There’s no denying that it did exactly that.  Although it focussed on Egwene and Rand, it touched on the other characters, and it fundamentally changed our view of the Last Battle (well, it did mine, hopefully it did yours).

However, that focus and drive meant that we didn’t get as much progress with Perrin, Mat, Elayne, etc.  Brandon took the decision to write book thirteen so that the time-line happens in parallel with book twelve for about the first three quarters of the story.  Given how much negative feedback Jordan got for doing something similar earlier in the series, this was a brave move.  Sanderson had already said he enjoyed the time Jordan did it, but that’s not how many fans felt, so there must have been some nerves on his part.

Where Jordan failed though (in my view), Sanderson excels.  This is in no short measure due to his much cleaner writing.  Sanderson doesn’t dwell on things that don’t matter, doesn’t spend his time describing the same things over and over again, and so even though we know time is progressing slowly, or covering old ground, it’s much easier to accept.  I was briefly confused – Tam al’Thor is present in both time-lines, and having seen him in one place in The Gathering Storm I was momentarily confused by his presence somewhere else in Towers of Midnight.  However, once it clicked, it actually helped me work out where in the time-line we were.  Once Tam leaves, to carry out the actions we’d already seen in the previous book, it was like a marker in a calender, allowing me to synchronise the two stories in my head.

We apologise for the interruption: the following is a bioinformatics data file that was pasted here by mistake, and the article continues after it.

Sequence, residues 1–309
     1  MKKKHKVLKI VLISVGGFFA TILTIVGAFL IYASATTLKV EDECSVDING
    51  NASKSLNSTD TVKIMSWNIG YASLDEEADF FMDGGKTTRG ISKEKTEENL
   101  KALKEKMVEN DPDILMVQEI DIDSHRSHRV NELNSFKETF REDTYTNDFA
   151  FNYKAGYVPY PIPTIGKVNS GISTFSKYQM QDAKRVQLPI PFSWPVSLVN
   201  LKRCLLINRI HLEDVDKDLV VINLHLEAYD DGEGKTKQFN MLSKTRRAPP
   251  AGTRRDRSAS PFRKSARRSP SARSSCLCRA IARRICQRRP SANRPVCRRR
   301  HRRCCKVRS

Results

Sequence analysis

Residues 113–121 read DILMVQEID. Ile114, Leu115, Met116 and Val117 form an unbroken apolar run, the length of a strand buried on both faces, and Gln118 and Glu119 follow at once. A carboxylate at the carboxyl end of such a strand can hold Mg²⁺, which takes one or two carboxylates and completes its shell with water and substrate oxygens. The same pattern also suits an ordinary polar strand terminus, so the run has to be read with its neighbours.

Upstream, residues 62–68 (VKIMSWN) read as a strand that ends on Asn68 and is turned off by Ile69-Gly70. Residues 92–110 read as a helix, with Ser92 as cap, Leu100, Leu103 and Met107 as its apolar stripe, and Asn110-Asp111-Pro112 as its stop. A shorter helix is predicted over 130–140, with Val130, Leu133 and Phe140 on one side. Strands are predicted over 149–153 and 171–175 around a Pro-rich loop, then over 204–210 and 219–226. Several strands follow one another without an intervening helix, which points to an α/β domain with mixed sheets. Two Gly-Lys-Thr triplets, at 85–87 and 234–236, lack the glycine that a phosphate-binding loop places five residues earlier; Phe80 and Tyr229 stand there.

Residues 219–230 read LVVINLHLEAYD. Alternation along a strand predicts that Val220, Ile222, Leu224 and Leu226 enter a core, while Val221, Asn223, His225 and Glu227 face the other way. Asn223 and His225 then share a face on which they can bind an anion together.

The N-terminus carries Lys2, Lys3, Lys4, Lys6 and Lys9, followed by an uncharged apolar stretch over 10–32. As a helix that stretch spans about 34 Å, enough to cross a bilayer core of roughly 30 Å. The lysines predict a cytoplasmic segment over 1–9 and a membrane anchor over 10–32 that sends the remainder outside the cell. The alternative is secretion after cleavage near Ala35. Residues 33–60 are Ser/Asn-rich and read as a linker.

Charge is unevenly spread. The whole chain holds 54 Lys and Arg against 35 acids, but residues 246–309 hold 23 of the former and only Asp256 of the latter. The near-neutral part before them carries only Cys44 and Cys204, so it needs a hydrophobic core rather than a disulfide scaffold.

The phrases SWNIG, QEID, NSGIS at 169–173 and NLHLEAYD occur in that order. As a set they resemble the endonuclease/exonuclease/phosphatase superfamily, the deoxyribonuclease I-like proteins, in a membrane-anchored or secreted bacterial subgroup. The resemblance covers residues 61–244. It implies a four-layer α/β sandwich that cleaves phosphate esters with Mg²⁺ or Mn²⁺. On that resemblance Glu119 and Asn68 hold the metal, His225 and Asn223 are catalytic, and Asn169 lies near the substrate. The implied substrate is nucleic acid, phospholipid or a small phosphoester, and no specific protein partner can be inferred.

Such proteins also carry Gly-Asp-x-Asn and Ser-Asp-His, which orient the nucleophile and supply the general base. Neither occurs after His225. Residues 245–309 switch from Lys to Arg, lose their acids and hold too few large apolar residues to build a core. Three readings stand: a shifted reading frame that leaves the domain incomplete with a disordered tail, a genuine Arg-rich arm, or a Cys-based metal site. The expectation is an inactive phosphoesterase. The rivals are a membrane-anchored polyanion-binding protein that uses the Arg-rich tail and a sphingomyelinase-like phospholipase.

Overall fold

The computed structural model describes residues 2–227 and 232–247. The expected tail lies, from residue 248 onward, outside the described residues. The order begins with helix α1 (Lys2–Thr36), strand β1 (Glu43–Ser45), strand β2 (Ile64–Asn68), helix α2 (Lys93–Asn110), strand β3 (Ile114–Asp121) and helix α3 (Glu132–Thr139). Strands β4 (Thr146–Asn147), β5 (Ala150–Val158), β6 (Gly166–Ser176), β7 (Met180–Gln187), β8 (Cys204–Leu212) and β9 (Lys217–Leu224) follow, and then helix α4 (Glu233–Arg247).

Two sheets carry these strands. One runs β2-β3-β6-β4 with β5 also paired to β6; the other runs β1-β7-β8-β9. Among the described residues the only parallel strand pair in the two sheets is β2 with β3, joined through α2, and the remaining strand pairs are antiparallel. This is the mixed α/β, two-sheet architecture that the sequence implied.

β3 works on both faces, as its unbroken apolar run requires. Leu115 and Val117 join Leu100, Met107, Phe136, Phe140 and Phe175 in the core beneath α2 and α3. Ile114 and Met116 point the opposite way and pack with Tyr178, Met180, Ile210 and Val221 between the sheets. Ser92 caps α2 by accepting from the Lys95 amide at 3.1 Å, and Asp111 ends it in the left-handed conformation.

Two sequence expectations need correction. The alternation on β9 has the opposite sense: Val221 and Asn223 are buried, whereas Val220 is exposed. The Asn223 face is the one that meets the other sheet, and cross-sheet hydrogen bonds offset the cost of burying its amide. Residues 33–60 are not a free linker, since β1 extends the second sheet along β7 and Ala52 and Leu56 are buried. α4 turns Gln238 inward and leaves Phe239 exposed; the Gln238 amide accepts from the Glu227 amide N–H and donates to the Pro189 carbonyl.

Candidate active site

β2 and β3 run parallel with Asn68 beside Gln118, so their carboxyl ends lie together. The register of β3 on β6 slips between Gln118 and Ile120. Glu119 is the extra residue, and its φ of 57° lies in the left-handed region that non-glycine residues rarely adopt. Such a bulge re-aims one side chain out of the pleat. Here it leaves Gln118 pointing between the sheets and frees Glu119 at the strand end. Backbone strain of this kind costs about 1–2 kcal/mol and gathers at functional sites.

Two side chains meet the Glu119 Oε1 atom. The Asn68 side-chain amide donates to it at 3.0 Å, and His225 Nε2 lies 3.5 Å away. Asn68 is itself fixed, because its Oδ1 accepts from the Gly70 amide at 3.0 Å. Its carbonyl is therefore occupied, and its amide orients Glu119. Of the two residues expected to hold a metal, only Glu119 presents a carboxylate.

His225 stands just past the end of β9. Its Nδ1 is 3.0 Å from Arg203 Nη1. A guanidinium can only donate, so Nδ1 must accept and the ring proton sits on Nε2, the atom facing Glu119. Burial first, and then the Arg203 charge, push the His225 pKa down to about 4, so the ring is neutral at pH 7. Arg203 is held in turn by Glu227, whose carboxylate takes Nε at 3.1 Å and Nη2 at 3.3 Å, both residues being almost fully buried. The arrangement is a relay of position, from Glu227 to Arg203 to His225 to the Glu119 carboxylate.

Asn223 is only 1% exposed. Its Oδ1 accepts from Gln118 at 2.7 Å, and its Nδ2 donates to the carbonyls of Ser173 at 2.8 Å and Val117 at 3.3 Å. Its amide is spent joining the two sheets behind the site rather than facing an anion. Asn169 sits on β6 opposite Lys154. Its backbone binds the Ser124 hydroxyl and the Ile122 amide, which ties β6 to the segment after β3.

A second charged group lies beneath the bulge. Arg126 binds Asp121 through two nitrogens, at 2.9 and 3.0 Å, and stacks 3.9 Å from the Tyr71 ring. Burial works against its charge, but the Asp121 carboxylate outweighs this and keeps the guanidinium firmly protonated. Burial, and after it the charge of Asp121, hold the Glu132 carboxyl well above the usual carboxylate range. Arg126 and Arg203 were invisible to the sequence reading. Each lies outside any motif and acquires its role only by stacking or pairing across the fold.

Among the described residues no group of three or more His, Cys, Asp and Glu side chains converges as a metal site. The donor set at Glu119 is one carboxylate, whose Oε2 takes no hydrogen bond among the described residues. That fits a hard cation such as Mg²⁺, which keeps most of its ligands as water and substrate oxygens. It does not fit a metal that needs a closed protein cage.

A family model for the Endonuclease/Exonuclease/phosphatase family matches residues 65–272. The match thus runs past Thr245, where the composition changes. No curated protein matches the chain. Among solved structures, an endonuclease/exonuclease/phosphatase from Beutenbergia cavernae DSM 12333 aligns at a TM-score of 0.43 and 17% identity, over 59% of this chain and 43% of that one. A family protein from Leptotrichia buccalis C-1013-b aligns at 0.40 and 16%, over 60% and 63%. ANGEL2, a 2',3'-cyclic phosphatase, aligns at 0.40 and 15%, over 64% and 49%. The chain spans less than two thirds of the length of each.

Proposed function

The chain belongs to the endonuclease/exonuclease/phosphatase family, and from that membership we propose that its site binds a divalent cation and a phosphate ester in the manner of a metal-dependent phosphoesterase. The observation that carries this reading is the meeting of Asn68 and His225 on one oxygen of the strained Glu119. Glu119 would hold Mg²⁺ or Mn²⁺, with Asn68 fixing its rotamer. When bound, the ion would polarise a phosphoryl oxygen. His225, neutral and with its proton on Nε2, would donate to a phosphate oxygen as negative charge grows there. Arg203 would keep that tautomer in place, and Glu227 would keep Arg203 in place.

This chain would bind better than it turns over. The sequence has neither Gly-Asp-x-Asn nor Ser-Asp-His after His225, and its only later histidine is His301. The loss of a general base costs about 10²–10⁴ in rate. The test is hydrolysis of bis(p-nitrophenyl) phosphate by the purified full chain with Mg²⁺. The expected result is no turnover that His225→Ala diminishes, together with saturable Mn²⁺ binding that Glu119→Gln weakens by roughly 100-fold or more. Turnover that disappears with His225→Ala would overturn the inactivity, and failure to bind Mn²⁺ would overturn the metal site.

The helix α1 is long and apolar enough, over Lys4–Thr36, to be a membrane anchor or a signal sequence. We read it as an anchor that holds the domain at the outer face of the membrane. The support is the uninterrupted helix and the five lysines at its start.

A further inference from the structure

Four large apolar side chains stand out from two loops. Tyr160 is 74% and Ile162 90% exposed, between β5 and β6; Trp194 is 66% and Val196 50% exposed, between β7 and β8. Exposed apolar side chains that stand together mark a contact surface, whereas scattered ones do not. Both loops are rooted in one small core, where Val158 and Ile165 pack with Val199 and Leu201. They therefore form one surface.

So, as alluded to at the start of what might be a very long review, Towers of Midnight is slower than The Gathering Storm.  It’s more reflective, and it’s much more geared towards moving everyone into their positions before the Final Battle.  That isn’t to say that great things don’t happen – I wept, shouted with joy, and despaired along with the cast.  Sanderson closes a number of long running threads, none of which I’ll even hint at to avoid spoiling them, and answers some critically important questions.

Not least of which – what’s actually going on with Rand al’Thor.  You are going to love the answer, I promise.

There’s a specific and incredibly touching moment, which is only possible because of the overlapping time-lines, and that scene alone justifies the decision for this approach in my view, regardless of the other excellent reasons.

Sanderson’s pace is very good, although at times, I did feel a little shunted around by some of the fast PoV changes in the chapters.  That issue aside, at least he uses the PoV changes to drive the underlying story, and the exchanges between Galad and Perrin are sublime.

The Seanchan presence in Towers of Midnight is sinister and confusing, pretty much how they appear to the characters as well.  Their almost alien approach to interacting with other people is kind of frustrating, but it sets them apart well enough that you’d never confuse who is who.  I really want that to get resolved, so that Tuon stops being ‘an idiot’, but I have to keep reminding myself she’s got a thousand years of convention to get past first.